Albert Einstein called compounding the eighth wonder of the world. It's a simple investment strategy that works best when you forget about it altogether.
We’ve seen compounding referred to as “the most powerful force in the universe,” “the royal road to riches,” and “the greatest mathematical discovery in human history.”
Albert Einstein called compounding the eighth wonder of the world.
Compounding is a simple investment strategy in which you put your money in an investment that pays a return. At the end of the year, you take your return and reinvest it with your original stake. Your dividend, or interest, earns a return, too, building a bigger dividend — or higher interest payments — the next year.
A snowball is the best analogy for compounding. As you roll the ball through the snow, the surface area gets bigger. The more surface area on the snowball, the more snow it picks up. The snowball gains mass slowly at first … but pretty soon, it’s so large you can’t move it.
Compounding is slow and boring at first. But gradually, the dividends grow, and your reinvestments increase. One day, you wake up to find your account producing thousands of dollars per year in dividends and your wealth a giant snowball.
Here’s a mind-blowing example from a study conducted by Richard Russell of the Dow Theory Letters on the power of compounding:
An 18-year-old girl puts $2,000 into an account each year from the ages of 19 to 25, then stops contributing and lets it compound at a rate of 10% until age 65. That means she has contributed only $14,000 in total. But because of compounding, by age 65, she’s almost a millionaire, with $944,641 in her account.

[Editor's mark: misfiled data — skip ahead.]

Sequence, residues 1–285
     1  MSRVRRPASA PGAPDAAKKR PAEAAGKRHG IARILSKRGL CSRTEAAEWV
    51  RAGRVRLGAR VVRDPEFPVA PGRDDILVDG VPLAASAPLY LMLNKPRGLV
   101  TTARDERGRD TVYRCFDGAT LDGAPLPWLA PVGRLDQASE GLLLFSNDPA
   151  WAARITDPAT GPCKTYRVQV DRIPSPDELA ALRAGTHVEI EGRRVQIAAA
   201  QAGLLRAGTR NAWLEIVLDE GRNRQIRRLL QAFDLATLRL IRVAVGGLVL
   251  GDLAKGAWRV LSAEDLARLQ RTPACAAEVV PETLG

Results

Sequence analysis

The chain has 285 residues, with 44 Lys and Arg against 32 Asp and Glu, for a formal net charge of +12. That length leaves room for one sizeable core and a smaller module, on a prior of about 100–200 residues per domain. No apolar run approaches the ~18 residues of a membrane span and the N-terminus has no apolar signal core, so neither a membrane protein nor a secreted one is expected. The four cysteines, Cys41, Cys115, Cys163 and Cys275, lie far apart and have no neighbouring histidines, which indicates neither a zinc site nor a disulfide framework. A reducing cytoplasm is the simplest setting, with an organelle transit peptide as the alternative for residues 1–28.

Her idiot brother
Now, let’s say this girl has a twin brother. He’s not as disciplined and continues to blow his money on useless things. Finally, at age 26, he realizes he needs to start saving, too.
He puts $2,000 per year into his account starting at age 26. He also lets his money compound at a rate of 10% until age 65. Except he contributes $2,000 every single year from ages 26 to 65. That means he’s contributed $80,000 in total… more than five times what his sister has contributed.
By age 65, he’s almost a millionaire, too, with $973,074 in his account.
Who’s the winner?
The sister contributed only $14,000 ($2,000 per year over seven years) and ended up with $944,641. That’s a net gain of $930,641, or 66 times her original investment.
The brother contributed $80,000 ($2,000 per year over 40 years) and ended up with $973,074. That’s a net gain of $893,704, or 11 times his original investment.
The sister was able to accomplish much better results with much less money … all because she realized the power of compounding money over long periods of time.
If you missed this, go back and read the example again until you realize what happened.
Not only is compounding an incredible wealth builder, but it’s also simple to do. First, you need an investment that generates a return every year for many years in a row. Then, you need time and perseverance to let the dividends grow.
Compounding doesn’t require vigilance, activity or effort to make it work. In fact, it works best when you forget about it altogether.
This is why compounding is by far the best investment strategy for your children or grandchildren. They have time to let the dividends accumulate, and they won’t think about their accounts every day.
Tom Dyson is a member of the Investment U Research team.
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